Posts / Hodges-Lehmann ratio estimator vs. Bhattacharyya's scale ratio estimator

Previously, I discussed an idea of a ratio estimator based on the Hodges-Lehmann estimator. This idea looks so simple and natural that I was sure that it must have already been proposed and studied. However, when I started to search for it, it turned out that it was not as easy as I expected. Moreover, some papers attribute this idea to Bhattacharyya, which is not accurate. In this post, we discuss the difference between these two approaches.

The Hodges-Lehmann ratio estimator

For two samples $\mathbf{x} = ( x_1, x_2, \ldots, x_n )$ and $\mathbf{y} = ( y_1, y_2, \ldots, y_m )$, the classic Hodges-Lehmann location shift estimator $\operatorname{HL}$ is defined as follows:

$$ \operatorname{HL}(\mathbf{x}, \mathbf{y}) = \underset{1 \leq i \leq n,\,\, 1 \leq j \leq m}{\operatorname{median}} \left(x_i - y_j \right). $$

It seems natural to extend this idea and estimate the ratio between two samples as the median of the ratios of their elements. We call this approach the Hodges-Lehmann ratio estimator $\operatorname{HLR}$:

$$ \operatorname{HLR}(\mathbf{x}, \mathbf{y}) = \underset{1 \leq i \leq n,\,\, 1 \leq j \leq m}{\operatorname{median}} \left(x_i / y_j \right). $$

This ratio estimator can also be obtained from the classic location shift estimator using the log transformation:

$$ \operatorname{HLR}(\mathbf{x}, \mathbf{y}) = \exp \bigl( \operatorname{HL}(\log \mathbf{x}, \log \mathbf{y}) \bigr). $$

This approach is applicable only for distribution with positive support. Therefore, we assume that $x_i, y_j > 0$. If the second distribution is a scaled version of the first one ($k\cdot Y = X$), the ratio estimator estimates the scale ratio factor $k$.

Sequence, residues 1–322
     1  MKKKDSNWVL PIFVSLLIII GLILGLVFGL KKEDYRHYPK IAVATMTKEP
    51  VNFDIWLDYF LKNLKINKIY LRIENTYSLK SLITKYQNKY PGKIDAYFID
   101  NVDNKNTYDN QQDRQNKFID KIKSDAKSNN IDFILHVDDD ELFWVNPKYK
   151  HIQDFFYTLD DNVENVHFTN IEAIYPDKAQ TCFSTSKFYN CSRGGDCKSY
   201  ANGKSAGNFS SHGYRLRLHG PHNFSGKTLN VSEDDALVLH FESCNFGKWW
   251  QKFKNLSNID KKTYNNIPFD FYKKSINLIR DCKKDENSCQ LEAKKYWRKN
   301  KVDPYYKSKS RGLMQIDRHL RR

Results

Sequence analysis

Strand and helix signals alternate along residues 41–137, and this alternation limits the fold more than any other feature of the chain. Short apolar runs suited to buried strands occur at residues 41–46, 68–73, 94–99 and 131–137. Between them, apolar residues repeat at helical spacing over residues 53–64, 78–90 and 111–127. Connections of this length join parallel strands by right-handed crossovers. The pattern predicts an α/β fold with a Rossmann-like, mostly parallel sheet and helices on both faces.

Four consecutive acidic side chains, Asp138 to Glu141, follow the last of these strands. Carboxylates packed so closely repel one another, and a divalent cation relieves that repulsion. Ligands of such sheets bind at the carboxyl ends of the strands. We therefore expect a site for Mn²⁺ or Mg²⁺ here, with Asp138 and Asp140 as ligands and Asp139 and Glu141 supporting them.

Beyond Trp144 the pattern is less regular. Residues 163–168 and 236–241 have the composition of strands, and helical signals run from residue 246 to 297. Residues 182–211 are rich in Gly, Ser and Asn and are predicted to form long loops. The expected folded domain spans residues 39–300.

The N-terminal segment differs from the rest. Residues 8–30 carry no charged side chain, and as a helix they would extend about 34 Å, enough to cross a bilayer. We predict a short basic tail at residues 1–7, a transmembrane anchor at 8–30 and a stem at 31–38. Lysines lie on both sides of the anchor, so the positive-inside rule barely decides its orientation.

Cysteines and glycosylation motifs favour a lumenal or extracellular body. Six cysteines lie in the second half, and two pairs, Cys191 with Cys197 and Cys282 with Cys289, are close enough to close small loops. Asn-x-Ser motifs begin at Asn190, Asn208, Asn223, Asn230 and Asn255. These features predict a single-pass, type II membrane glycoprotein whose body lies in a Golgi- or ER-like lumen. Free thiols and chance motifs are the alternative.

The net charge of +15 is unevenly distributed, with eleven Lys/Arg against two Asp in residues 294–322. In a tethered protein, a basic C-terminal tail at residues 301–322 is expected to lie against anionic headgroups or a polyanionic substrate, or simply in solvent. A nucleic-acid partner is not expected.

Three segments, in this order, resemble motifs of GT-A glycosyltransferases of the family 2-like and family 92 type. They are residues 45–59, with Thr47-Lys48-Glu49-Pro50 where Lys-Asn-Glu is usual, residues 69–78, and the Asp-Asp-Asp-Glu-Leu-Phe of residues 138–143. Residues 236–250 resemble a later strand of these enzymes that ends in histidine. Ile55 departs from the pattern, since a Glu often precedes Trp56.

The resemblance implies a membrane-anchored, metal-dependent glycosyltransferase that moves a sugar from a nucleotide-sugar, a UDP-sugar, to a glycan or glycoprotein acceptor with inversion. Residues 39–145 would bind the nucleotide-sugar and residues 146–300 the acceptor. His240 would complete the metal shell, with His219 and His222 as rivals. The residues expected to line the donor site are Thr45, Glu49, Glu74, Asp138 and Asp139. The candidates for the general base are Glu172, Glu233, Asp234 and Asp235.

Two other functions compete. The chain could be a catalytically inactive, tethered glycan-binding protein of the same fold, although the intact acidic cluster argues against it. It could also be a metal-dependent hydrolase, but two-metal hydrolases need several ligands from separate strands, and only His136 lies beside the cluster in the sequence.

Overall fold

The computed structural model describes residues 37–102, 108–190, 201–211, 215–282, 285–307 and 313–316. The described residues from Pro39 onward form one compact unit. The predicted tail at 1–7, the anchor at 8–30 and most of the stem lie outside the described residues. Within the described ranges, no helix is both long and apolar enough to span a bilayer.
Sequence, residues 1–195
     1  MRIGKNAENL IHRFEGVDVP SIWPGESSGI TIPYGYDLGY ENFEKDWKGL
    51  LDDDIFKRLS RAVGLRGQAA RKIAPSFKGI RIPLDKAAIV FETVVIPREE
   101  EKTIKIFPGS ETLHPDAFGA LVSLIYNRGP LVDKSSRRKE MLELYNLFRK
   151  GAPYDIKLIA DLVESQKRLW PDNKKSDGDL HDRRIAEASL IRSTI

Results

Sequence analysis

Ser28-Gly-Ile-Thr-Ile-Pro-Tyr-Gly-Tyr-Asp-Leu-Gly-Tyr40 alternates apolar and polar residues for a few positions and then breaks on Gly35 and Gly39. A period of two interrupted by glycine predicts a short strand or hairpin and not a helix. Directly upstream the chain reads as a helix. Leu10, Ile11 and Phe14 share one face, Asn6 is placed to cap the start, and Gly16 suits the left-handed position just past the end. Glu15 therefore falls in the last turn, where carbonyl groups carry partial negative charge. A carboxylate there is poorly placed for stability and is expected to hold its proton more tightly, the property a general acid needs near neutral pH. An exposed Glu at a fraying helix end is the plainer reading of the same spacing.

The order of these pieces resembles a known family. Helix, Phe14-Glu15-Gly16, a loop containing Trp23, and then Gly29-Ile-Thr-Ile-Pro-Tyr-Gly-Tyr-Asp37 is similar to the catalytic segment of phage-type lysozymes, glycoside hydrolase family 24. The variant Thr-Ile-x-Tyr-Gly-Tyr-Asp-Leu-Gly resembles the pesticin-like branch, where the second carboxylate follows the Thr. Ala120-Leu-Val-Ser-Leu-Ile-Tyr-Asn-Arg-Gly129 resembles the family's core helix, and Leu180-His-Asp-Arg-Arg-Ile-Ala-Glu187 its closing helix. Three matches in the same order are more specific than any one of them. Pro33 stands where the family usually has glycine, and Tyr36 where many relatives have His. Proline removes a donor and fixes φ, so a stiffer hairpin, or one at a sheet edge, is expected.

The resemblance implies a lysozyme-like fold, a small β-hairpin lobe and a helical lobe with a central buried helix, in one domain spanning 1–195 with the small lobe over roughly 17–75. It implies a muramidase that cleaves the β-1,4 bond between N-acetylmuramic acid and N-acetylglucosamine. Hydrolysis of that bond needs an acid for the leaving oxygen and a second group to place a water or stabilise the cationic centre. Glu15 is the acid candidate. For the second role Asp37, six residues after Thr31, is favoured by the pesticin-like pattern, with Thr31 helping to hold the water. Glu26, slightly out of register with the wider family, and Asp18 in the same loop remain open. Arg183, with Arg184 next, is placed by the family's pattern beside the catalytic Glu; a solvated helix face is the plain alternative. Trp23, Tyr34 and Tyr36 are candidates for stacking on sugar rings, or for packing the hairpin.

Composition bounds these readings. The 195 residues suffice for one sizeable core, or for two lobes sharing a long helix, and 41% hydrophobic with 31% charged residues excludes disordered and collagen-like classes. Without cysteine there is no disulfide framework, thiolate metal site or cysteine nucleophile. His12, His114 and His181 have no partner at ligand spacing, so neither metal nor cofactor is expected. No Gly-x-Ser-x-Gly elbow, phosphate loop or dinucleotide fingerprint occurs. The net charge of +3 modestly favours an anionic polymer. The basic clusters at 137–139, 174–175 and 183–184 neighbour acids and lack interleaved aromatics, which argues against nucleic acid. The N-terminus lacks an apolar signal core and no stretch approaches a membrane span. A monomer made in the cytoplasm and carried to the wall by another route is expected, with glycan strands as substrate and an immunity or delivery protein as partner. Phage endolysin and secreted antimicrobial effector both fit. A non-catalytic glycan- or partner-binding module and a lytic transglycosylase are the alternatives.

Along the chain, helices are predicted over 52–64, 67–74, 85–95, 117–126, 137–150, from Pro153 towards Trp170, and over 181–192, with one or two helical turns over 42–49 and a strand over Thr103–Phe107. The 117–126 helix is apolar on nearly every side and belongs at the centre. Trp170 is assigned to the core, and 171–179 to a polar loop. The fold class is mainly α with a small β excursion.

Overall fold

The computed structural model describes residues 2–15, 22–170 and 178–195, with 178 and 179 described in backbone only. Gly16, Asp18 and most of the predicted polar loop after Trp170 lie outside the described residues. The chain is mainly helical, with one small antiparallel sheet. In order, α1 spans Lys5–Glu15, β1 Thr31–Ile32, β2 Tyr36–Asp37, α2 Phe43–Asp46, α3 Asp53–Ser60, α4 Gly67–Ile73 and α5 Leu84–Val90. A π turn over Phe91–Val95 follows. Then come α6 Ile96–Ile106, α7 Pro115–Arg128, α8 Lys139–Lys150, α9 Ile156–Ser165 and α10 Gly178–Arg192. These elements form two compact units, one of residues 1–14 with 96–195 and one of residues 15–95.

Bhattacharyya’s scale ratio estimator

In bhattacharyya1977, a similar idea is considered. However, the paper investigates not the ratio of random variables but the ratio of their scale parameters. This approach is shift-invariant and, therefore, ignores the actual absolute values of the random variables. In Section 2, the author specifies an assumption of zero medians for both distributions:

$$ \operatorname{median}(X) = \operatorname{median}(Y) = 0. $$

Next, they introduce a definition of a relevant pair $(x_i, y_j)$. In each relevant pair, both $x_i$ and $y_j$ should be both positive or both negative. Finally, they introduce estimator $\hat{\Delta}$ defined as the median of ratios among only relevant pairs:

$$ \hat{\Delta}(\mathbf{x}, \mathbf{y}) = \underset{\substack{1 \leq i \leq n,\,\, 1 \leq j \leq m, \\ x_i \cdot y_j > 0}}{\operatorname{median}} \left( \frac{x_i}{y_j} \right). $$


It is easy to see that $\operatorname{HLR} \neq \hat{\Delta}$ in the general case. While they can be consistent in the case of pure scale transform ($k\cdot Y = X$), they estimate different parameters. The Hodges-Lehmann ratio estimator estimates the ratio between variable values from two distributions, while Bhattacharyya’s scale ratio estimator estimates the ratio between the scale parameters of these distributions.


References (2)